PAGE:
How innovative is it to be present to someone?
This could be interpreted as a profound question. We could pore over stacks in the library and lie awake at night mulling it over. We could write lengthy discursive treatises and develop research projects and have Talmudic debates over the answers. But for Adam Bucko, that’s not his point. Availability is simple, and that’s profound enough.
“We make things complicated by over-intellectualizing what our engagement or what our calling should be,” says Adam, when simply being present and available is enough to bring us to the heart of our engagement.
Contemporary ideas about social activism and service often emphasize creativity, innovation, and sustainability. All of these are admirable – and indispensable – but in our enthusiasm for this trinity, our culture seems to overlook the modest virtue of availability. When he finds himself confused by the difficult existential questions of his own service and purpose, Bucko goes back to the basics – making sandwiches. “I start feeding people, and then I invite my friends, and we pray together, and we do it together, and that always kind of locates me in my truth.”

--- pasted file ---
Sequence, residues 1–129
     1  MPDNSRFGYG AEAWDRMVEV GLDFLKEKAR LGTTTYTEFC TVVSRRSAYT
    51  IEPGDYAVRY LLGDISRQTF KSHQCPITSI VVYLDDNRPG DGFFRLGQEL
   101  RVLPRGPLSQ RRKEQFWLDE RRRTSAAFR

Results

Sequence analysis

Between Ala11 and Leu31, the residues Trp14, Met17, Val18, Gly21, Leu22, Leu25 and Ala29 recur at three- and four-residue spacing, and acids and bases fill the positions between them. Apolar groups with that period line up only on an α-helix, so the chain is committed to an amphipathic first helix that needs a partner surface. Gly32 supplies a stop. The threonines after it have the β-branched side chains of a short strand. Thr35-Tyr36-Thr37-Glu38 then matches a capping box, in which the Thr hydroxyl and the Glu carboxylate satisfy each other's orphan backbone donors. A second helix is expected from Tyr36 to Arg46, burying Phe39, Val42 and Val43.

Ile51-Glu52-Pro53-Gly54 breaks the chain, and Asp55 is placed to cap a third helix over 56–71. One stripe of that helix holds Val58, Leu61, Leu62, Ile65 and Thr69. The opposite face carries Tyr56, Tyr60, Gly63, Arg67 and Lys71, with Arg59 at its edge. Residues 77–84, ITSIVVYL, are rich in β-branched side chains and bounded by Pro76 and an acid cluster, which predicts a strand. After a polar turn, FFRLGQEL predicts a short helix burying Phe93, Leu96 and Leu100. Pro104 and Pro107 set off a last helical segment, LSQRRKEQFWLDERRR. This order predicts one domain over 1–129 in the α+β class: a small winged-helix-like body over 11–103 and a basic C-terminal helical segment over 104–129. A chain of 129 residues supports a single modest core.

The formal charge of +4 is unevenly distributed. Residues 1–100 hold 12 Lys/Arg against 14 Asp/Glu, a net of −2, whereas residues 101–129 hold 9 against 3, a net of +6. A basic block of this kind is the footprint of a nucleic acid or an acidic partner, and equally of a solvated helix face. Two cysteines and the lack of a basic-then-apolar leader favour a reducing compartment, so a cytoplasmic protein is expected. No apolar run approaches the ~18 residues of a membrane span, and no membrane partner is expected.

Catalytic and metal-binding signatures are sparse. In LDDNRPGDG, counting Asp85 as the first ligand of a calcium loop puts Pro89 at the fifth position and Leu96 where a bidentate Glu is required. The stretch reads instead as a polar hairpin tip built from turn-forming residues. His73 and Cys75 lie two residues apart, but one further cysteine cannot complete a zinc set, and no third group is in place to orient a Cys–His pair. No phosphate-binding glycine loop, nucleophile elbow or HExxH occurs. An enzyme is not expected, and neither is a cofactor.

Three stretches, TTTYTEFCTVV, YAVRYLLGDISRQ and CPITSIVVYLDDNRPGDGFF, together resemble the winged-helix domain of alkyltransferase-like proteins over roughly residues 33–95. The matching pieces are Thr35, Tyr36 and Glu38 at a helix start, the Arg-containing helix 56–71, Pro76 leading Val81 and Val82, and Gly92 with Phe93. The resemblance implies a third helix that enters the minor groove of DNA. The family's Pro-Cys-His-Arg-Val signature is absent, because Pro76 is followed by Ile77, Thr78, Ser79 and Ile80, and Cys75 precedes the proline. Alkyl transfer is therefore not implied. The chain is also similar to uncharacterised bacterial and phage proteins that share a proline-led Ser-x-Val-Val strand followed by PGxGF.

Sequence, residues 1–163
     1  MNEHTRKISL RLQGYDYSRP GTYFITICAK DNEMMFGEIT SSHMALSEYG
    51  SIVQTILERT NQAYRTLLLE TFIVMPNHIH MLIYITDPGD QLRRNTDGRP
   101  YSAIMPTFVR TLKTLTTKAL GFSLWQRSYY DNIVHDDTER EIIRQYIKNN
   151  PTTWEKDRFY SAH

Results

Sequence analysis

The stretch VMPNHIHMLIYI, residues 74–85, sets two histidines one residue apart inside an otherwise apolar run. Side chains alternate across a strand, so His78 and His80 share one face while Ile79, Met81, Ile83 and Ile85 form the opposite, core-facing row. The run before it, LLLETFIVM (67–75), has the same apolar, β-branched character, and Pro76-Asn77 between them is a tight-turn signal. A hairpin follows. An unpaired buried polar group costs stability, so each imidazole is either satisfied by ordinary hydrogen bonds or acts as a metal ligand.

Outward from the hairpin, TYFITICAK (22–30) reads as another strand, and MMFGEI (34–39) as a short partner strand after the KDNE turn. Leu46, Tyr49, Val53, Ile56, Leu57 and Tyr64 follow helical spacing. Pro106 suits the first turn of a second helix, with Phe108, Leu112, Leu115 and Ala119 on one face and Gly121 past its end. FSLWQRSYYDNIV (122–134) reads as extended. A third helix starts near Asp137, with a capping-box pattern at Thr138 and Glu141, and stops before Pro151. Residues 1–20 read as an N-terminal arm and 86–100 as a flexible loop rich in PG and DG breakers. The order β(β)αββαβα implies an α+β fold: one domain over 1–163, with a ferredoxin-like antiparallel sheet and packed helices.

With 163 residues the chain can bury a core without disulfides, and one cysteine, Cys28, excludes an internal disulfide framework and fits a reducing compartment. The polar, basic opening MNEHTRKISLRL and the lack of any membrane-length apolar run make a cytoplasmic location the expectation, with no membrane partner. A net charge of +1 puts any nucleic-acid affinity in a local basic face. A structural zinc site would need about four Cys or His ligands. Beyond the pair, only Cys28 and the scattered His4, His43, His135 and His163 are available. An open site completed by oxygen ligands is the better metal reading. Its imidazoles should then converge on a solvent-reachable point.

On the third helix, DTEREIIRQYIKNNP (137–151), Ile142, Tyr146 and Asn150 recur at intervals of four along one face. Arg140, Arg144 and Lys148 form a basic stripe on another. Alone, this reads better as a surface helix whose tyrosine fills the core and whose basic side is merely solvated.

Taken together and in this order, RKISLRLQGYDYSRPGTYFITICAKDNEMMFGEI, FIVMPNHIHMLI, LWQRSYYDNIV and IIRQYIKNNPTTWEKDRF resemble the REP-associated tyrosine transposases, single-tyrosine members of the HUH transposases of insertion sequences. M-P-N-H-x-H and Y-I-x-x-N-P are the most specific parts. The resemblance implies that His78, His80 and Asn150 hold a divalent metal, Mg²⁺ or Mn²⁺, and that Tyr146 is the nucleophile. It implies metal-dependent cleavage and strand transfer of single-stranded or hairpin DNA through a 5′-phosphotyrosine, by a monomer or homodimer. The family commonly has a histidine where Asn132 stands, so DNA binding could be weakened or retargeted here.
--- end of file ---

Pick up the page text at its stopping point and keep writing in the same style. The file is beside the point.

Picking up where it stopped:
Availability goes even a step further than that, however. “We’re available to all of our gadgets and what they need from us, and I think we learn how to respond to things that call our name, in the moment; but I don’t know that we know how to be available in a way that’s committed availability, where we really make a commitment to someone, even if it’s a bit uncomfortable; even if it doesn’t always serve our best interests.”
Where that availability takes us is deeper than an intellectual awareness or a measurable outcome. It’s a path towards a deeper, perhaps visceral experience, where we “accompany people to the depths of their pain,” as Adam puts it. “An authentic experience of inner peace in my life didn’t happen until I was able to be broken with the people that I serve.” When our availability immerses us in another’s suffering and pain and carries us beyond that breaking point, something emerges that allows our presence to surrender to the moment, to the way things are, and to the persons for whom we are available.
Bucko describes this as a two-fold path: contemplative practice and social engagement. Simultaneous involvement in the two, he says, “oftentimes leads to a sense of just knowing what’s next, what is required.” It’s a path that connects every part of one’s being and aligns it with the core. For some, it requires years of practice, but according to Adam, it’s a commitment worth making.
His advice for staying on that path is to have a good community, friends, and mentors who are available themselves, who are supportive and honest, and who will remind each other to be committed to availability, because, he poignantly reminds us, “aren’t we all here to do that?”
Adam Bucko is an activist, spiritual director to many of New York City’s homeless youth, and co-author of “Occupy Spirituality” (2013). He collaborates with spiritual leaders across religious traditions and mentors young people, helping them discover a spiritual life in the 21st century and how to live deeply from the heart in service of compassion and justice. Adam is a recipient of several awards.